I think the context that explains the Aleut episode after the invasion of the Japanese and the bombing of Dutch Harbor—I think what explains all of that is racism. It’s a blatant racism, and by blatant I mean it’s a racism that no one feels they need apologize for. And that reflects where American culture was in the 1940s, and still into the 1950s.

Narrator

Like Americans of Japanese descent, Aleuts would find themselves shunted into government camps. Suspected of nothing, accused of nothing, Aleuts never imagined they too would be segregated, isolated in American gulags. Dark, dank camps, mired in the coastal muck of southeast Alaska’s dense intemperate rainforests.
 
Mr. MacBeth

One of the problems was that they weren’t really respected as individuals.

What this country stands for very much is personal dealings with the and between the government and the citizens. But that was one of the things that had gone off the rails in a very profound and important way in the beginning of the Second World War—and, given the terrible conditions in which people were placed, it puts a heavier weight on the government’s shoulders.

Ms. Hope

Everybody onboard from Unalaska was at the railing, you know, just saying goodbye to home and hoping to be back soon. And my father had come out and my mother had held me up to the railing so I could say goodbye.

I was dressed in my Sunday school coat, and for going to Sunday school every Sunday I’d earned a Sunday school pin, and I had a pair of my Sunday school gloves. And we had a good view of my house. My dad was out there jumping up and down and doing this (waves arms overhead) and I could still see his white sleeves.

Narrator

After leaving the Pribilofs, the Delarof picked up 83 more Aleuts from the village of Atka in the Aleutian Islands.

Mrs. Bourdukofsky

The boat was really crowded, so you line up … and, and  it takes about an hour to get where you’re going, like going up the steps and so on.

Narrator

The aging transport ship had a capacity of 376 passengers. Now the ships company numbered 570 men, women, and children. Illness spread rapidly, but the government doctor on board refused to enter the Delarof’s hold where the Aleut lay sick and dying.

Mrs. Bourdukofsky

And then this lady that was having a baby wanted a doctor, and there’s no …  She ask around and her husband asked around to see if they could check on the baby. And they never did. And that poor little baby died.

The priest was on there and used holy water and named the baby.

Voice of Father Michael Lestenkof
Interned at Funter Bay Duration Camp

Holy God, Holy Almighty, Holy Immortal, have mercy … 

Mrs. Bourdukofsky
And then later on they wrapped her up in canvas and they just slid her overboard, her little body.

Fr. Lestenkof

Glory to the Father and to the Son and to the Holy Spirit …

Mrs. Bourdukofsky

That was our first casualty we had.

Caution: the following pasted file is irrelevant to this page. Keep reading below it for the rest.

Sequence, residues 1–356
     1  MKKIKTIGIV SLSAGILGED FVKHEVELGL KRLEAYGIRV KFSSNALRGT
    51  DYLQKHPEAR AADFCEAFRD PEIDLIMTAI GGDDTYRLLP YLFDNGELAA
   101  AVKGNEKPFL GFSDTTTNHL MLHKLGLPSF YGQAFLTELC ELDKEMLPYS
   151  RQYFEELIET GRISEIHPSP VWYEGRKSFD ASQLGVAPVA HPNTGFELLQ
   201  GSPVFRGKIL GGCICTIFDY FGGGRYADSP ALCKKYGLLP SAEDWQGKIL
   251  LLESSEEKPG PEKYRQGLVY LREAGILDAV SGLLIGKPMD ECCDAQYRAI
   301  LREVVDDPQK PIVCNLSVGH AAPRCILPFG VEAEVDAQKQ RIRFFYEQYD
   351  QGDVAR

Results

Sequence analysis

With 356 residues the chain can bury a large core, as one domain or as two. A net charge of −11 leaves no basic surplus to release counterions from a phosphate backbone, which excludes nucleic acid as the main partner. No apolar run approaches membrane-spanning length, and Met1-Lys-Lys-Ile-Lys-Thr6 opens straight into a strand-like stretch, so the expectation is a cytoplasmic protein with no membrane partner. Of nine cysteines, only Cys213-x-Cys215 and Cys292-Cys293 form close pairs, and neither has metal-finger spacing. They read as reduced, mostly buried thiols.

Fr. Lestenkof

Now and unto the ages and ages, Amen.

(fade out)

Mrs. Bourdukofsky

Four o’clock in the morning, my mom, she wakes us up. “Girls! Girls!, “she said, “There’s trees!” We’d never seen trees before. Oh, we got so excited. Four o’clock in the morning we got up to see the trees.

But we didn’t know we were going to be tired of them for two-and-a-half years (laughs).

Narrator

This was a strange, new land—unlike the treeless, windswept world the Aleuts called home.

But as the Delarof put in at Funter Bay on June 24th, 1942, the Aleuts looked with relief on the densely forested landscape of Southeast Alaska.
 
 
Mr. Zacharof

Me, being so young, I didn’t know what was going on. Where, other people were worried about being taken off the island, in a way I was happy because, you know, I didn’t realize there was a war going on.

And when we got to Funter Bay I saw my very first tree,.

You know, I thought there was no other place except St. Paul when I was a kid. I really did. I mean, I just thought, “This is it” (gestures back toward the village of St. Paul).

Vlass Shabolin
Interned at Funter Bay Duration Camp

There was myself, and the other boys, and when we first got here, the first thing we saw was a frog. And by golly, we went huntin’ for a frog (laughs). We never knew what that was, so … we got, I got one. I came home all muddy and my mom looked at me and said, “Now what am I gonna do with you!” (laughs) you know.

Mr. Lekanof

Shortly after we arrived at Funter Bay I think the novelty wore off.

We started unloading the ship there. We were all unloaded on the cannery side, the old cannery that had not been operating for several years. The facilities were really deplorable.

Narrator

Hidden by the tall, fragrant spruce was a terrible reality: The deadly conditions on the ship were more than matched by the conditions on shore.

1st Reader
Agent’s Log, U.S. Fish and Wildlife Service

If you think any of this is fun, you should be here. The water system cannot under any condition be made usable for winter …  the outdoor privies empty into the water at high tide … but the sewage still washes back onto the beach for the children to track around. All houses are gone from rot.

Narrator